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Rep. Steve Israel's novel, 'The Global War on Morris,' to debut

Rep. Steve Israel will become a published novelist

Rep. Steve Israel will become a published novelist next year with the release of his parody of the NSA surveillance program, set mostly on Long Island and inspired by a secret briefing a decade ago. Credit: Simon and Schuster

WASHINGTON - Rep. Steve Israel will become a published novelist next year with the release of his parody of the NSA surveillance program, set mostly on Long Island.

Israel's 256-page novel, "The Global War on Morris," is scheduled to be released in January, his publisher, Simon & Schuster, said on its website.

"You're going to see a lot of Long Island in it. . . . You're going to see people you recognize in politics and in government," said Israel, 56, a Democrat from Huntington. "But mostly I'm hoping people will recognize how slippery the slope has been in violating privacy," he said.

His book, the publisher says, tells the story of happily married Mets fan and pharmaceutical salesman Morris Feldstein, who falls for a doctor's receptionist and buys her something with his company credit card. That simple act prompts a top-secret government surveillance program using a supercomputer called NICK to gather data and strands of Feldstein's life and declare him Public Enemy Number One.

As a politician, Israel has been generally supportive of government surveillance, his voting record shows. He proposed changes to a secret court overseeing foreign surveillance only after the NSA leaks.

But Israel said the impetus for the book came from a 2006 House Armed Services Committee hearing at which Pentagon officials discussed spying two years earlier on Quakers in Florida who protested the Iraq War.

"When a group of elderly Quakers was added to the database, I realized that it was the stuff that novels are made of," he said. It was that, he said, and "attending meetings with President [George W.] Bush and senior officials that prompted me to write this book."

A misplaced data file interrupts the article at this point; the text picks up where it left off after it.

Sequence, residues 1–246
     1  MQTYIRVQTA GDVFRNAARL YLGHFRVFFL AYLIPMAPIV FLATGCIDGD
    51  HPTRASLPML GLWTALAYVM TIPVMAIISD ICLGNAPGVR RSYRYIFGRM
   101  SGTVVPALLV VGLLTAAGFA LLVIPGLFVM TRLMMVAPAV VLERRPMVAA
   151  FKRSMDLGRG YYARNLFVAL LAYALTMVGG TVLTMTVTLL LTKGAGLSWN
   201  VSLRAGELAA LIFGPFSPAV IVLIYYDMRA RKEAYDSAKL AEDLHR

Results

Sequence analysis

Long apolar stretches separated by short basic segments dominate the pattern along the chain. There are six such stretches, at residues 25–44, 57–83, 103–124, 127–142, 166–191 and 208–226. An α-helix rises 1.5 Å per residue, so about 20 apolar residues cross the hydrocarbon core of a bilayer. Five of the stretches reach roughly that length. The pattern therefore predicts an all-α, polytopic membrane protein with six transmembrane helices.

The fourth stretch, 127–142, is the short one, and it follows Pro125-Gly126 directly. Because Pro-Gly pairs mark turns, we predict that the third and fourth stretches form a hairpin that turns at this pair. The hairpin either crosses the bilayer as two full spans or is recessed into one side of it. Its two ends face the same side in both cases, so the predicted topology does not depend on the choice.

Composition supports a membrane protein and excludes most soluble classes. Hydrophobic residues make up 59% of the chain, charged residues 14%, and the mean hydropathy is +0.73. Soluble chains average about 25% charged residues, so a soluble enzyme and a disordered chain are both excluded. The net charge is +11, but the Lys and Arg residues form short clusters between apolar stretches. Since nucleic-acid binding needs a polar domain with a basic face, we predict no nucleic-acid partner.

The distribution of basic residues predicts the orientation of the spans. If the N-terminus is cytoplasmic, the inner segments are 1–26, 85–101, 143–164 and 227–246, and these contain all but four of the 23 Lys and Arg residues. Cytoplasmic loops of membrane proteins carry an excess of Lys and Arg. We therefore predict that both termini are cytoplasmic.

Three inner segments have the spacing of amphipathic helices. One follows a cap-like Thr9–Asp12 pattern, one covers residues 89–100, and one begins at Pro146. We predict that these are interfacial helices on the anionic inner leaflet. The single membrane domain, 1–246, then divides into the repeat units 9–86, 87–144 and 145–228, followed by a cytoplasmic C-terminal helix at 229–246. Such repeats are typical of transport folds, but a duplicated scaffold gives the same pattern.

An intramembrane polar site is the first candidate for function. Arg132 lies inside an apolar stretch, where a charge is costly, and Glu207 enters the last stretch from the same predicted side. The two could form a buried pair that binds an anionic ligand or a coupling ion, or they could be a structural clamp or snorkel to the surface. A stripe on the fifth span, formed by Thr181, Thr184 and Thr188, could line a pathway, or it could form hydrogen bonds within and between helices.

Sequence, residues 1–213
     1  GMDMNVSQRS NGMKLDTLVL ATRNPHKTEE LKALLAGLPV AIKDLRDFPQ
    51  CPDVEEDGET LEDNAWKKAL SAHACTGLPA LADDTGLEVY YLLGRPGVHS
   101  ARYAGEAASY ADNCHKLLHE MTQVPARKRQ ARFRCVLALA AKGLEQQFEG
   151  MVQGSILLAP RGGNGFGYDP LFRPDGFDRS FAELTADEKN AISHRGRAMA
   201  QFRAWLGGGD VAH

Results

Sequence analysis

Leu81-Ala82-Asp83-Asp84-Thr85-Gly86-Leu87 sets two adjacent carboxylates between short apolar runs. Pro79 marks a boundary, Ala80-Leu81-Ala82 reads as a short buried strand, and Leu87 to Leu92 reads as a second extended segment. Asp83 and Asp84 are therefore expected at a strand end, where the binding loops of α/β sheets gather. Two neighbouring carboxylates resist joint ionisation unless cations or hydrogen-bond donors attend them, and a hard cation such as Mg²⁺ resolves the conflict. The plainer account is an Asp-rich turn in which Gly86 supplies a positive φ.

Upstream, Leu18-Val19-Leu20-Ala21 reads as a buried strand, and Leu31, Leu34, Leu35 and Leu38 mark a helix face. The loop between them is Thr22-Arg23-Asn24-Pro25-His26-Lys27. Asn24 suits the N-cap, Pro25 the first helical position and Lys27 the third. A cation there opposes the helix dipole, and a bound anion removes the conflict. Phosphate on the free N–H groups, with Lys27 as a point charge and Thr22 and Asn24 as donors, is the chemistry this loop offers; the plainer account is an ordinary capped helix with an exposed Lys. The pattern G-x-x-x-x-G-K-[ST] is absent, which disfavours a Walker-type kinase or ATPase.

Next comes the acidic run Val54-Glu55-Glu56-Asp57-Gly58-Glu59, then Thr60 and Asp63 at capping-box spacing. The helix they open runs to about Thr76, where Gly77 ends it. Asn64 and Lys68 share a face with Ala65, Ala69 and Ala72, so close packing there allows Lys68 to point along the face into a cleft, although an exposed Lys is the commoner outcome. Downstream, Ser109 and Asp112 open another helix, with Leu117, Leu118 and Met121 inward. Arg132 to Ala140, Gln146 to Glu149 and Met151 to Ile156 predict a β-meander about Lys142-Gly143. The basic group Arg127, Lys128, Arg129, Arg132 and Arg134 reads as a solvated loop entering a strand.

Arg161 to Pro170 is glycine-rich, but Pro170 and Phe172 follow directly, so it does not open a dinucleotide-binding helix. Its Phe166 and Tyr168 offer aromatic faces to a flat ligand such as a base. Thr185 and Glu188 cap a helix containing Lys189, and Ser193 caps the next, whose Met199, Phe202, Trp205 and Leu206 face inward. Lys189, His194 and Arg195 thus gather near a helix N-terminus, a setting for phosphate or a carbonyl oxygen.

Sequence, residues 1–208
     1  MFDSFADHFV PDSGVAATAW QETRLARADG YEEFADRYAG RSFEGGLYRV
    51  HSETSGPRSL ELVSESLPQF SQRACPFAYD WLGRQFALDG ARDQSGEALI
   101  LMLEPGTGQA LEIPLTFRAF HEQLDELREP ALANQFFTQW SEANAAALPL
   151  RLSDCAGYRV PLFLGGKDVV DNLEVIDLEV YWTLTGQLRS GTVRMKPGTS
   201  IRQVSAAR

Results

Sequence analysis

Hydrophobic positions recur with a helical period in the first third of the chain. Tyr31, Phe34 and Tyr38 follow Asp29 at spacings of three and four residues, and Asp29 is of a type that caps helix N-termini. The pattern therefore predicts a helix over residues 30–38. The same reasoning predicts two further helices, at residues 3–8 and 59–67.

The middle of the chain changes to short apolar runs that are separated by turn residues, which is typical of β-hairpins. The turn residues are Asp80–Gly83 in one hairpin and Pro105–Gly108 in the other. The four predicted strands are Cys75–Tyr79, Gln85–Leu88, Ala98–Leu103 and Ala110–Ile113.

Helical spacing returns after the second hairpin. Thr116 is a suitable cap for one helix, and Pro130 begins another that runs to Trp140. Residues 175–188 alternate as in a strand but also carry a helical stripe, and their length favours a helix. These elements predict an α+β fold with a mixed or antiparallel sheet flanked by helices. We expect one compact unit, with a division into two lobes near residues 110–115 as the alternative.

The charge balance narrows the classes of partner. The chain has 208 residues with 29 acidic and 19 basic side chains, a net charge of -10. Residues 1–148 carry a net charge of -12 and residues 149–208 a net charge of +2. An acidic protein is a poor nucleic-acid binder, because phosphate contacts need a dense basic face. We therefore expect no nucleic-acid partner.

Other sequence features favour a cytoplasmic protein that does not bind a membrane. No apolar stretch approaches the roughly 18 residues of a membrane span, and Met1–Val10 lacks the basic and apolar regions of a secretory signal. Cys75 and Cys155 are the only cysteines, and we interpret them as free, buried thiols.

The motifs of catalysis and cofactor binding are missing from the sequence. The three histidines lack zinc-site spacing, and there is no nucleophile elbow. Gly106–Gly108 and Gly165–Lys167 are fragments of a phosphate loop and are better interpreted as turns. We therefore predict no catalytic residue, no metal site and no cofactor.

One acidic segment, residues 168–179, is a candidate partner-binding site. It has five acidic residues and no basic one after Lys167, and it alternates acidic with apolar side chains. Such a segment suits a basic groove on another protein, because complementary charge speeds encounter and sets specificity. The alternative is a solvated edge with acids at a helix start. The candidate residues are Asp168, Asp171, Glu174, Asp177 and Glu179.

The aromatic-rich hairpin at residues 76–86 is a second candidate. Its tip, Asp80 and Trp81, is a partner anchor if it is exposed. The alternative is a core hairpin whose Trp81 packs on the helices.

Israel said House ethics rules forbid him from taking an advance, so he needs brisk book sales to profit. He reported making less than $5,000 on "Charge!" his 2007 collection of military speeches. His novel was first reported by Washington's Roll Call.

Israel is the latest New York politician to write a book. Rep. Peter King (R-Seaford) has published three novels. Hillary Clinton just released "Hard Choices." Sen. Kirsten Gillibrand (D-N.Y.) will publish "Off the Sidelines" in September.

Israel, chairman of the Democratic Congressional Campaign Committee, said he spent five years writing based on notes he pounded into his iPhone after briefings.

He said he wrote in the same style as his parody of the House GOP, which The New Yorker blog published in September.

"This is really a satire that is meant to create a little bit of discomfort," he said.

CORRECTION: The original version of this story incorrectly described as secret the meeting at which Rep. Steve Israel heard Pentagon officials discuss a surveillance program that spied on Quakers opposed to the Iraq War. It was an open meeting.

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